Category: Markets

Unisys Wins Passport Office Contract
Capital Markets (stocks and bonds)Markets

Unisys Wins Passport Office Contract

Worldwide information technology company Unisys Corporation has been selected by Her Majesty’s Passport Office (HMPO) to implement its new Facial Recognition System (FRS).

The FRS will increase efficiency within the application process by automating manual operations to analyse facial biometric data and quickly identify issues associated with passport applications.

Under the terms of the five-year agreement, Unisys will provide systems integration services to implement its open standards LEIDA platform, which will manage identity verification for United Kingdom passport applicants based on their facial biometric data.

“We are excited to be chosen for this important project,” said managing director of Unisys UK, Nick Fraser. “Unisys has applied facial and other biometrics technologies to build leading-edge passport, citizen registry and land border control systems for the United States, Australia, Mexico and other countries around the world. We look forward to applying our expertise to help the UK manage the throughput of travellers.”

Unisys provides a portfolio of IT services, software, and technology that solves critical problems for clients, specializing in helping clients secure their operations, increase the efficiency and utilization of their data centres, enhance support to their end users and constituents, and modernize their enterprise applications.

UK Energy Big 6

UK Energy Big 6 “to Lose Dominance in 2019”

The UK’s “Big 6” energy companies are losing customers to their smaller rivals at such a rate that they will control less than 50% of the residential market in 2019, according to energy price comparison site

The site claims that three quarters (74%) of switchers now choose a cheaper tariff from a smaller company – such as Ovo Energy or First Utility – rather than paying a premium to one of the more-established brands (British Gas, Scottish Power, Npower, E.on, SSE & EDF Energy). As illustrated in this table of switches taking place through the website since 2011, the percentage of people opting for a smaller independent supplier has risen sharply from just 1% in just three years.

According to Energy UK, the trade association for the UK energy industry, over 250,000 people now switch their energy company or tariff every month, with the market share held by the major suppliers subsequently having dropped below 95% for the first time in January 2014.

Scott Byrom, energy expert at, said: “Even with the current switching volume, the balance of power is shifting away from the Big 6 at an alarming rate. It’s about time they ditched meaningless claims about having the cheapest ‘standard’ tariffs and actually offered something competitive. Customers are clearly fed-up about being overcharged and are voting with their feet.”

At the time of writing, one of the “Big 6” companies appeared in the Top 10 Best Buy table for one year fixed tariffs: a hotly-contested battleground for customer acquisition with First Utility joining Ovo Energy in the past week to offer sub-£1,000 energy deals. This compares to an average annual bill of £1,198 – or £200+ a year more – for customers on a standard variable tariff from the “Big 6” suppliers.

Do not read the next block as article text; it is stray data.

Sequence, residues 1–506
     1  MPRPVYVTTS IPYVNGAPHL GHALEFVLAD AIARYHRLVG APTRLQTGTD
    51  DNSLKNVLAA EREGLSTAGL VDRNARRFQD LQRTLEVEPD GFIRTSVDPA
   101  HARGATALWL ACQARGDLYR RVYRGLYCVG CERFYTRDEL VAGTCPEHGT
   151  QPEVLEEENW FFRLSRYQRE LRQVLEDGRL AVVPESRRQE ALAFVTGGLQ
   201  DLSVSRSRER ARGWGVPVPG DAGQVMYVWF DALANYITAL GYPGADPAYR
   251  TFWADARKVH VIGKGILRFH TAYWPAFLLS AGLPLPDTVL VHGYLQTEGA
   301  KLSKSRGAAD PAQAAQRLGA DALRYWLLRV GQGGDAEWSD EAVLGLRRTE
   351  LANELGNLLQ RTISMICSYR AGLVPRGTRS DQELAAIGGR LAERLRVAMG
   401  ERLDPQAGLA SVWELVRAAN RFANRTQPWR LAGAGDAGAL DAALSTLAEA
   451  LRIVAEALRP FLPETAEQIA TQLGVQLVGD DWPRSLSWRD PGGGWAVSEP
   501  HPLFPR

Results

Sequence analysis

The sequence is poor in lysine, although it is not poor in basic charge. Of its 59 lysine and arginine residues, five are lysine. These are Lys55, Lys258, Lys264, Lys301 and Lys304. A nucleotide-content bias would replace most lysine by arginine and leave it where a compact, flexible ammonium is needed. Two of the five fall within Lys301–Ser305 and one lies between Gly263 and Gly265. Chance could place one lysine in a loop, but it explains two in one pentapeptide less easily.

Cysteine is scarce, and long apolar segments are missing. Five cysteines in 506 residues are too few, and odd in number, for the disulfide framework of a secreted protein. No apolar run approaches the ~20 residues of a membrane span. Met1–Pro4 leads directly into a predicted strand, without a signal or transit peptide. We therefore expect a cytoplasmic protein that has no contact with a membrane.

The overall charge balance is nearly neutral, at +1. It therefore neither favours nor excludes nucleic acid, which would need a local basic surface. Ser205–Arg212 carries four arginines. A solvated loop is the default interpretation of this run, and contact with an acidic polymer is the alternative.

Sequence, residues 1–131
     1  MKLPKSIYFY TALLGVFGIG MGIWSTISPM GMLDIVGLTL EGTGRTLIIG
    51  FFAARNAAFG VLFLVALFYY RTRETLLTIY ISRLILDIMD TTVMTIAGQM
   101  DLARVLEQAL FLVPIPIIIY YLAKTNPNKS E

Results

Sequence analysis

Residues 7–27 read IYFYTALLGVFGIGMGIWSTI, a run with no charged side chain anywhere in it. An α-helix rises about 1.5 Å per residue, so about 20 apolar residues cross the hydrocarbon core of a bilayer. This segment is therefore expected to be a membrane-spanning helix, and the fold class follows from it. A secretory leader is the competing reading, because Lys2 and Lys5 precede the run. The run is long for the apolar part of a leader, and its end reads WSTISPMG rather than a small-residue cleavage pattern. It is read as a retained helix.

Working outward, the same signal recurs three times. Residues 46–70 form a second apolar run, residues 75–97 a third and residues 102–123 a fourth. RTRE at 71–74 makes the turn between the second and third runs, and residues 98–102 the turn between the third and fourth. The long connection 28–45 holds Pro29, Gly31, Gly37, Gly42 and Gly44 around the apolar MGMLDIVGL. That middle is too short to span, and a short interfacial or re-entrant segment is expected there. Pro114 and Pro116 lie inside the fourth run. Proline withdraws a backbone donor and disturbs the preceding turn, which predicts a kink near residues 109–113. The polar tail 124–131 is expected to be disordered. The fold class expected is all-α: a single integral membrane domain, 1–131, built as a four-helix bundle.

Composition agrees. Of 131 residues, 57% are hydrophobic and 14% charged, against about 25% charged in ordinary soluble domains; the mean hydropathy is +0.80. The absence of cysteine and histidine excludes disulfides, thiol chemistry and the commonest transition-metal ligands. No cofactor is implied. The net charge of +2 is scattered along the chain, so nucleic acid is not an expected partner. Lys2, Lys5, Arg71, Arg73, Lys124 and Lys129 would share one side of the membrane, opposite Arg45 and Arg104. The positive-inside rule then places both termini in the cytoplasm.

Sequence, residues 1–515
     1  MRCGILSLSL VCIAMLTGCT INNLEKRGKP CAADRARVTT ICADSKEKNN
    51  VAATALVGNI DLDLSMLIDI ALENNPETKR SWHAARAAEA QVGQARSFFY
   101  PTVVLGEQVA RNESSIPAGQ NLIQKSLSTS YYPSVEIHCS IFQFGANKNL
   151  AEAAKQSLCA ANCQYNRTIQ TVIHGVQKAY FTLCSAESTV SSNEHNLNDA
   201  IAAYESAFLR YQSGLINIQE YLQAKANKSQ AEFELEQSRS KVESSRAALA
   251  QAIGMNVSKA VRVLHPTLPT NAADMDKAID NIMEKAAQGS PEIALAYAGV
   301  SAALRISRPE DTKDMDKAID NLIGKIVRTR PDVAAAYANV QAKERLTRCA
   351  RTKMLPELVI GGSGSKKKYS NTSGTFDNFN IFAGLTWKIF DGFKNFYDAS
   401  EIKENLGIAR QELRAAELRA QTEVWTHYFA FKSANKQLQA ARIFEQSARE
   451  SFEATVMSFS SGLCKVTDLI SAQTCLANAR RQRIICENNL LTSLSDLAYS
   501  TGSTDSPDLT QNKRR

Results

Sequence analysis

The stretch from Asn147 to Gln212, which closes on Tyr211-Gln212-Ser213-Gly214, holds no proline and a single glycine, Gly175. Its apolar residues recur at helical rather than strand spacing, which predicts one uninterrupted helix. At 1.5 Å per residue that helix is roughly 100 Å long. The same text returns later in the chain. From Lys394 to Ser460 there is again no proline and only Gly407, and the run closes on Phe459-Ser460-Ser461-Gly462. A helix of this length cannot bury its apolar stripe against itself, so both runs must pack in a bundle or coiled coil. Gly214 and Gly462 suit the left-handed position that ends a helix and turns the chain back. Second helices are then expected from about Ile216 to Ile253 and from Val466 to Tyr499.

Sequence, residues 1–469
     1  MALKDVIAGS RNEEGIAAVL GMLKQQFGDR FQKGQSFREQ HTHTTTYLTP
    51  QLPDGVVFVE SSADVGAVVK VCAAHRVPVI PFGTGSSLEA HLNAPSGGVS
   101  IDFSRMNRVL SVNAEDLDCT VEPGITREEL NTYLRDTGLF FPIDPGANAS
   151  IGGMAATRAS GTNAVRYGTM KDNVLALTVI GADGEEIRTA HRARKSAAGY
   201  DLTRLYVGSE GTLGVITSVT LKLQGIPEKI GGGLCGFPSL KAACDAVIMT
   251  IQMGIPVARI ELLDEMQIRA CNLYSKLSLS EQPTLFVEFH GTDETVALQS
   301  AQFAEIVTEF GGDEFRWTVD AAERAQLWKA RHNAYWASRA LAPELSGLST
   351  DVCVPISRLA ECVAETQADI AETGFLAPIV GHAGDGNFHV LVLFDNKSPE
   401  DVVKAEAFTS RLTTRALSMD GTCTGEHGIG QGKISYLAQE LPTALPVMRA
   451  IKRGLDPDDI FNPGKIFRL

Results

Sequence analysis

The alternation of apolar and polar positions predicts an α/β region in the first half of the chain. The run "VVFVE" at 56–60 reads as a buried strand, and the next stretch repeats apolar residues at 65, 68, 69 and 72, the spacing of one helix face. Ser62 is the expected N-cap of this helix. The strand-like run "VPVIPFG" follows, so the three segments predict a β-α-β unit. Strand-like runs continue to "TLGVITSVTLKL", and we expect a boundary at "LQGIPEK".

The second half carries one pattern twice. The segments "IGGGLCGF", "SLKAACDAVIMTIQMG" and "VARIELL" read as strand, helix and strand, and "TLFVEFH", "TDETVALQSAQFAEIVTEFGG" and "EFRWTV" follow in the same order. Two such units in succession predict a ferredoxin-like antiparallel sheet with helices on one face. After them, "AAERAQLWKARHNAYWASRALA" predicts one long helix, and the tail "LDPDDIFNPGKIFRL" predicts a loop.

“Switching sites are a pivotal platform for any smarter supplier outside of the ‘Big 6,’ enabling new entrants to get their brands off the ground with no upfront marketing costs,” said Byrom. “Meanwhile bigger suppliers are encountering very little engagement from consumers actively looking for a better deal, of which there is a rapidly growing number.”

UK GDP to Grow by Over 3% in 2014
Capital Markets (stocks and bonds)Markets

UK GDP to Grow by Over 3% in 2014

The UK economy looks set to expand by over 3% this year, according to the latest projections from economic forecasters the Centre for Economics and Business Research (Cebr).

Cebr’s latest forecasts show UK economic growth in 2014 and 2015 of 3.1% and 2.2% respectively, up from forecasts of 2.8% and 2.0% released at the start of the year. The upward revisions reflect a continued improvement in forward-looking indicators for the UK economy. In addition to record high business confidence, we have seen consumer confidence rising again in recent months after plateauing towards the end of 2013 (according to the YouGov/Cebr Consumer Confidence Index).

Households are likely to see their living standards improving, as earnings growth accelerates and headline inflation remains below 2% for the remainder of 2014. Declining unemployment is also likely to support household finances. Overall, Cebr expects real household disposable incomes to grow by 1.5% this year after declining by 0.6% in 2013.
Following concerns about the unbalanced nature of the economic recovery – consumer spending accounted for over 80% of the growth seen last year – growth should becoming more evenly spread as business investment grows strongly (by 10.1% in real terms this year) and the construction sector is supported by a robust pickup in housebuilding, especially in London. While household consumption accounted for 81% of the economic growth seen in 2013, this is expected to decline to 46% this year as the economic recovery becomes more balanced.

Beyond the short term, though, challenges remain. Economic growth is likely to peak this year and fall back in 2015 and 2016 as some of the factors driving economic expansion at present – such as reduced saving and a return to typical levels of consumer confidence – wear off. In addition, the UK still faces a huge challenge in improving its trade position. Cebr expects a record-high current account deficit of £79 billion this year, with the deficit remaining high throughout much of its forecast period. This deficit could lead to a depreciation of sterling going forward as markets becoming concerned about the persistence of this trade weakness.